It’s unclear how you understand the meanings of the Pd and Pc terms, but the underlying principle is correct; if the rate at which thermal energy is deposited into an object equals the rate at which thermal energy is drawn out of it, the object is in thermal equilibrium and does not (in principle) experience a temperature change. Practical reality is somewhat more complex. The resource mentioned above and its prequel (linked therein) attempt to illustrate some relevant considerations and processes for calculation.
In fact I am rather specialized in mechanics than in electronics. But I have here a concrete case with electronic data of which I am unfamiliar. These are power MOSFET transistors used in linear. These transistors are used to simulate a load in an ATE. So the power consumed corresponds to the power dissipated, if I understood correctly. At the same time I wonder how we determine the thermal resistance of a heatsink when we have several transistors of different power?
Electronic folks are interested in energy in electrical form, and thus tend to use the term “power dissipation” in reference to the conversion of electrical energy to thermal form within a device. Others may understand “power dissipation” as the transfer of thermal energy from a device into the surrounding environment–this may be a point of confusion here.
Converting electrical energy into thermal form is akin to flushing a toilet; within a narrow buffer zone, if the flow into the bowl (electrical->thermal conversion) doesn’t equal the flow out (thermal energy from device-> environment) one ends up with an unpleasant result.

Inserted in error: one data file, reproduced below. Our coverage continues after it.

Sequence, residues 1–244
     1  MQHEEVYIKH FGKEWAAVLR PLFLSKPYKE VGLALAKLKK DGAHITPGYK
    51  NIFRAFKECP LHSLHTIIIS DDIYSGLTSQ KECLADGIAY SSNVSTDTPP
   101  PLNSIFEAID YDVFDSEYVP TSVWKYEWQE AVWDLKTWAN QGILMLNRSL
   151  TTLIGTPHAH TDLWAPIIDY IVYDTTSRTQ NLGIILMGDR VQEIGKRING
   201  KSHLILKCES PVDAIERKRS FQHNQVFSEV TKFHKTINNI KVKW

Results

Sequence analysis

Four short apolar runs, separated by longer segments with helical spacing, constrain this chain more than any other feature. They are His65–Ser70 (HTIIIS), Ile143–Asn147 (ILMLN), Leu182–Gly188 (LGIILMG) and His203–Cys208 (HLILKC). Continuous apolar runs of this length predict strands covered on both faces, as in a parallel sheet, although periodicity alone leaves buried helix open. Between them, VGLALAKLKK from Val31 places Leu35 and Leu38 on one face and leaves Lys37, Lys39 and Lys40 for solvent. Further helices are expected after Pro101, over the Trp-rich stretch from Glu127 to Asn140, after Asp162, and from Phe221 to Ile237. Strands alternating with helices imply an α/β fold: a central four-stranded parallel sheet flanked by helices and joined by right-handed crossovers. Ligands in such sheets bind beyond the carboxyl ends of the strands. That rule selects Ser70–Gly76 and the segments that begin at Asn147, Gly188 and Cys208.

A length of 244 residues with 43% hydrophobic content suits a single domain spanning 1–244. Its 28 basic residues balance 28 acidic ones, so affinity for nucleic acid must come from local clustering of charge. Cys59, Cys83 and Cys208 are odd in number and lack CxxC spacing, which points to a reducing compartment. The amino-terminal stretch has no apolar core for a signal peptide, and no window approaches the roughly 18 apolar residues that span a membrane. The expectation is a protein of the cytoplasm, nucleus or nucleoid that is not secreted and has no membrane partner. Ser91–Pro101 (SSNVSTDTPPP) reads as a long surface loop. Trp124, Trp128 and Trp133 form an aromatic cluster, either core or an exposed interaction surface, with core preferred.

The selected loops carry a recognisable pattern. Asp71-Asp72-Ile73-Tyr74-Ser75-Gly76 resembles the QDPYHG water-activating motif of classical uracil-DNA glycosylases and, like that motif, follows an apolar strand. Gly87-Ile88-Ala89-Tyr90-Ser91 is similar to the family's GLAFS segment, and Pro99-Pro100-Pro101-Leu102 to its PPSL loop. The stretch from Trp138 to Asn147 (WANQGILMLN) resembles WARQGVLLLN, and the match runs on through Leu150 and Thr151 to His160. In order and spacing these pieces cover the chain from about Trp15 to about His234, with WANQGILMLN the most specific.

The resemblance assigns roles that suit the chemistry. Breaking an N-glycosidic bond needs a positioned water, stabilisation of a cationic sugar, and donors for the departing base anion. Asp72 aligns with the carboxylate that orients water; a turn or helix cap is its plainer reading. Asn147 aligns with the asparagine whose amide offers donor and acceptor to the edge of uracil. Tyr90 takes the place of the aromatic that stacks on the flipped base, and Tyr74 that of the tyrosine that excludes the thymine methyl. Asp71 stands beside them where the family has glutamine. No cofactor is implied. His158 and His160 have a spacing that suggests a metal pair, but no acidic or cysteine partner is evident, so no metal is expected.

One sizes a heat sink to present a sufficiently low thermal resistance that the rate of thermal outflow it affords is sufficient to accommodate whatever inflow is expected without exceeding some critical limit; the maximum permissible temperature of the silicon within a transistor is similar to the rim of the toilet bowl in the analogy. Multiple transistors on the same heat sink burning different amounts of electrical power will experience different die temperatures, but the precise temperature of each ends up being both a function of its individual contribution as well as the combined effort of the whole.
On a different note, mention of using FETs in a linear mode raises an alarm bell, as contemporary devices don’t always do so well in that manner of use; do check the safe operating area, and make sure they’re being operated within prescribed limits.
Having no knowledge of these technologies (peltier and heat pipe)
When you say, "I’d state with confidence however that peltier devices are not appropriate for anything even remotely approaching the amount of power mentioned. Heat pipes probably wouldn’t be a great solution either. "
How to justify this?
Peltier devices used for cooling purposes are hideously efficient as a general rule, and are best reserved for a few niche applications where burning 5 joules of electrical energy to move 1 of thermal energy is tolerable. The article Verna linked expands on this idea significantly if you’re interested in a longer-form answer.
Heat pipes do well at moving moderate amounts of thermal energy from point A to some point B that’s a few inches away, but become less appealing as distances increase. A serious look at some of the available products and their specifications should help illustrate the point.